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AI-powered Diagnostic Imaging Tool Estimates Hemoglobin Levels

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A collaboration between SigTuple Technologies and the Indian Institute of Science demonstrated an AI-powered, imaging-based tool for the estimation of hemoglobin levels. The setup combines a microfluidic chip and an AI-enabled microscope designed for deriving the total, as well as differential counts, of blood cells.

Existing hematology analyzers and many medical devices for multiparameter assessment often have dedicated subcompartments with separate optical detection systems. This design tends to require greater sample volumes and can drive up the cost of the equipment as a whole. The new method instead uses a microfluidic chip, which, including the reagent, costs less than $0.14, according to the research paper, as well as a detector in the form of a conventional microscopy camera.
A diagnostic solution to enable simple and cost-effective hemoglobin estimation using a microfluidic chip and AI-powered automated microscope. Courtesy of SigTuple Technologies Pvt. Ltd.
A diagnostic solution to enable simple and cost-effective hemoglobin estimation using a microfluidic chip and AI-powered automated microscope. Courtesy of SigTuple Technologies Pvt. Ltd.

“In this study, we demonstrate that the applicability of a system originally designed for the purposes of imaging can be extended toward the performance of biochemical tests without any additional modifications to the hardware unit, thereby retraining the cost and laboratory footprint of the original device,” said Srinivasan Kandaswamy, second author on the study.

The device is enabled by the novel design behind the microfluidic chip, a customized biochemical reagent, optimized imaging, and an image analysis procedure specifically tailored to enable the clinical performance of the diagnostic test.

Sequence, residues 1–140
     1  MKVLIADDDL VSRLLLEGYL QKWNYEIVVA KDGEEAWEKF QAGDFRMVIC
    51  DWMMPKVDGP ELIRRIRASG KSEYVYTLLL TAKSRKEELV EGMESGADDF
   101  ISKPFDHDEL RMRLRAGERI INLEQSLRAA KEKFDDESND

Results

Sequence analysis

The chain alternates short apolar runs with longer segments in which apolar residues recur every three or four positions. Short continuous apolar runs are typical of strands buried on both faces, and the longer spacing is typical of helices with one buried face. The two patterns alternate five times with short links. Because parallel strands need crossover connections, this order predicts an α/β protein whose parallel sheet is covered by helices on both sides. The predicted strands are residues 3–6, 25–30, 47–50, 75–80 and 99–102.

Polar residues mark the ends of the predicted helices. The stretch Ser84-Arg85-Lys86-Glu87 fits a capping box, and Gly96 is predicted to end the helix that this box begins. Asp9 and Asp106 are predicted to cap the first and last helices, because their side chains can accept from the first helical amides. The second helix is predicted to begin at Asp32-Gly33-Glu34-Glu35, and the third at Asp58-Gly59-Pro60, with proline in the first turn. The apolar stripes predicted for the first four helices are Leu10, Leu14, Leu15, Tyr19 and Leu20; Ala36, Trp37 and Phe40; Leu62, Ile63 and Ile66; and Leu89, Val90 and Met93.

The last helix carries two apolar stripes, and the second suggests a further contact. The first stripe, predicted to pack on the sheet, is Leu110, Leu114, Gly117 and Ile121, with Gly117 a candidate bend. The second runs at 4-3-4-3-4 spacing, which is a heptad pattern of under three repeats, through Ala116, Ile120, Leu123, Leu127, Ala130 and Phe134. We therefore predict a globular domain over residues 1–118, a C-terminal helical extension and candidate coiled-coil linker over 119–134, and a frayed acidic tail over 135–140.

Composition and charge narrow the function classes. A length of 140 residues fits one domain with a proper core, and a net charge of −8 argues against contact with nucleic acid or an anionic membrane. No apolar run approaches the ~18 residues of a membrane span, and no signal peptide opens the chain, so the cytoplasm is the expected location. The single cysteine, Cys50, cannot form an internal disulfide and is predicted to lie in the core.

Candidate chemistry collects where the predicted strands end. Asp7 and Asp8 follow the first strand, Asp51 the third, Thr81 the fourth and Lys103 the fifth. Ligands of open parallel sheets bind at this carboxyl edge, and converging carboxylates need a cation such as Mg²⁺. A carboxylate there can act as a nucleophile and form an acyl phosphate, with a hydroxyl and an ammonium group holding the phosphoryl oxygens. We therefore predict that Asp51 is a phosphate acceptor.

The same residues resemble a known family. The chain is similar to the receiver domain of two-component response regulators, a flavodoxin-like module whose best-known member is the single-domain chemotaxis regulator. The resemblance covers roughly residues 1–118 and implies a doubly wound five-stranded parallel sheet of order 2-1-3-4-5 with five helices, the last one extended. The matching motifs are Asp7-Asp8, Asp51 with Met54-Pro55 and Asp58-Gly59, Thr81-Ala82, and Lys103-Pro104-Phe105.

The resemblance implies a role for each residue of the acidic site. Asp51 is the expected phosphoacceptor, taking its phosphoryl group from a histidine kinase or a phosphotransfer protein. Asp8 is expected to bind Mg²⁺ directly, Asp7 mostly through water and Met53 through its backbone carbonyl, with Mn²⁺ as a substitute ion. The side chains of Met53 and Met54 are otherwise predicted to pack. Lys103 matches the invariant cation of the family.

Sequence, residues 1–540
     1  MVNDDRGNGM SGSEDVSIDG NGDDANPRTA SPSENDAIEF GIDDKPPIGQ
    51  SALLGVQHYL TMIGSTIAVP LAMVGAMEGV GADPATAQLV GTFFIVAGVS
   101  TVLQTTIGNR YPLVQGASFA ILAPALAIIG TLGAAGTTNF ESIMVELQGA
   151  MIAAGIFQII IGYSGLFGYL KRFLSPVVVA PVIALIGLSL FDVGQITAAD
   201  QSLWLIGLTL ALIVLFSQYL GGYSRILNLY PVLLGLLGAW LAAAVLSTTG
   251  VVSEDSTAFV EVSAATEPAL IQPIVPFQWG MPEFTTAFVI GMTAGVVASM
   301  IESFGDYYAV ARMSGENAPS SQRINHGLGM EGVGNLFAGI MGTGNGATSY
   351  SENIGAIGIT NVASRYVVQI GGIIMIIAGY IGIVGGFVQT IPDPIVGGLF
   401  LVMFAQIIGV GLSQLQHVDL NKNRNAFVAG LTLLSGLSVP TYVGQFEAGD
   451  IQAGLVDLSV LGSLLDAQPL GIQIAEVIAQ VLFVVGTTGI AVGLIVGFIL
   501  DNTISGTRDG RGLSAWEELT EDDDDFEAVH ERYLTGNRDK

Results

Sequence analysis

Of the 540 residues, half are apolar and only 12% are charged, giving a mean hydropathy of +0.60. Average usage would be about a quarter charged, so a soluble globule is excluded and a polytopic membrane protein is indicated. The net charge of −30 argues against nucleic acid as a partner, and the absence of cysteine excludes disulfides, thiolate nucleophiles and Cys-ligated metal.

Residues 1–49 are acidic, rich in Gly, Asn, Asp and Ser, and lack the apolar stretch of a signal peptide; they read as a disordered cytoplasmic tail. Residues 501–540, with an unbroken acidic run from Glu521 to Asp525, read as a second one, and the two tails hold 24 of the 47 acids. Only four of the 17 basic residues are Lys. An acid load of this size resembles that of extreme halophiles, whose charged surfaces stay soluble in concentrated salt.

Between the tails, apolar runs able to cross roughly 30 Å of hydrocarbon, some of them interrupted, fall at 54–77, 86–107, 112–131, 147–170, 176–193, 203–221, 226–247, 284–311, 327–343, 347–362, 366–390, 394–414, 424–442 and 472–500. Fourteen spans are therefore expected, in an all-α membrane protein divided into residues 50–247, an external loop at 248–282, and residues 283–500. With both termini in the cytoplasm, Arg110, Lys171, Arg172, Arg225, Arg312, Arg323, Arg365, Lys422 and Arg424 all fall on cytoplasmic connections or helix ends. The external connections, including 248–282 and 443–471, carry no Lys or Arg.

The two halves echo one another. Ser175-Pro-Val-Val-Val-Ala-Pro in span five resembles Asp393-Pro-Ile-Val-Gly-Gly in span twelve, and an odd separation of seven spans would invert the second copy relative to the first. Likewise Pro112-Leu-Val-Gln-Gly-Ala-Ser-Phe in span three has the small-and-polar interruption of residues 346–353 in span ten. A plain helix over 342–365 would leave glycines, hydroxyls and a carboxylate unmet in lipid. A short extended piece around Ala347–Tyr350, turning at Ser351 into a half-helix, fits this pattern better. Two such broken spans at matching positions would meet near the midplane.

Tests showed that the system obtained data that were comparable to those of the predictions of traditional hematology analyzers, showing a Pearson correlation of 0.99, with a turnaround time of 10 min, including incubation. The method achieved a sensitivity of 92.3% and a specificity of 53.8%.

The validation study demonstrated that the technique meets regulatory standards, meaning that it is likely to be accepted for clinical use by doctors and hospitals.

The automated microscope ordinarily uses a combination of red, blue, and green LEDs; however, in this case, it used only the green light, as the optimized reagent (sodium dodecyl sulfate with hemoglobin) complex absorbs light in the green wavelength.

“This paper lays the foundation and will also serve as a guide to future attempts to translate conventional biochemical assays onto a chip, from point of view of both chip design and reagent development,” Kandaswamy said.

Aside from measuring hemoglobin in the blood, a similar setup with minor modifications could be used to measure protein content, cholesterol, and glycated hemoglobin.

The research was published in AIP Advances (

May/Jun 2021
Research & TechnologyMicroscopycamerasimagingassayassay developmentBiophotonicsBloodhemoglobinmeasurebiochemical assaysreagentmicrofluidicmicrofluidicsmicrofluidic chipIndian Institute of ScienceAsia-PacificIndiaBioScan

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